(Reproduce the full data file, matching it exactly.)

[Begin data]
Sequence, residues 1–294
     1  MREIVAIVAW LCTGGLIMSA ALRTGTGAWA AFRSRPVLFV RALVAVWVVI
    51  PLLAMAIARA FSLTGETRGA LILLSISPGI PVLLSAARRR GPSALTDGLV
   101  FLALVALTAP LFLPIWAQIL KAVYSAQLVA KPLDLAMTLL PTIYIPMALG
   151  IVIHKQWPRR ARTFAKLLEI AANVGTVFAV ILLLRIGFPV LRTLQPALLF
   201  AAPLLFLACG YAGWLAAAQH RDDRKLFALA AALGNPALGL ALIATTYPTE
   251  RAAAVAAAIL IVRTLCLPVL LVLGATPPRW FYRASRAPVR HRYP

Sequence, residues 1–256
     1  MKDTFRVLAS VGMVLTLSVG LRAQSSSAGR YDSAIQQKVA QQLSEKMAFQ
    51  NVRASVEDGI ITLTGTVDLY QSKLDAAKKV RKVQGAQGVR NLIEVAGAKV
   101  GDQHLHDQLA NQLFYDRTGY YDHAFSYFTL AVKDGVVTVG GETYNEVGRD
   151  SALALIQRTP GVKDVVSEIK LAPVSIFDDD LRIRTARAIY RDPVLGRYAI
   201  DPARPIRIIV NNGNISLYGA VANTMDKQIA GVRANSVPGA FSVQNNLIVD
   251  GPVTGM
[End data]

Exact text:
Sequence, residues 1–294
     1  MREIVAIVAW LCTGGLIMSA ALRTGTGAWA AFRSRPVLFV RALVAVWVVI
    51  PLLAMAIARA FSLTGETRGA LILLSISPGI PVLLSAARRR GPSALTDGLV
   101  FLALVALTAP LFLPIWAQIL KAVYSAQLVA KPLDLAMTLL PTIYIPMALG
   151  IVIHKQWPRR ARTFAKLLEI AANVGTVFAV ILLLRIGFPV LRTLQPALLF
   201  AAPLLFLACG YAGWLAAAQH RDDRKLFALA AALGNPALGL ALIATTYPTE
   251  RAAAVAAAIL IVRTLCLPVL LVLGATPPRW FYRASRAPVR HRYP

Sequence, residues 1–256
     1  MKDTFRVLAS VGMVLTLSVG LRAQSSSAGR YDSAIQQKVA QQLSEKMAFQ
    51  NVRASVEDGI ITLTGTVDLY QSKLDAAKKV RKVQGAQGVR NLIEVAGAKV
   101  GDQHLHDQLA NQLFYDRTGY YDHAFSYFTL AVKDGVVTVG GETYNEVGRD
   151  SALALIQRTP GVKDVVSEIK LAPVSIFDDD LRIRTARAIY RDPVLGRYAI
   201  DPARPIRIIV NNGNISLYGA VANTMDKQIA GVRANSVPGA FSVQNNLIVD
   251  GPVTGM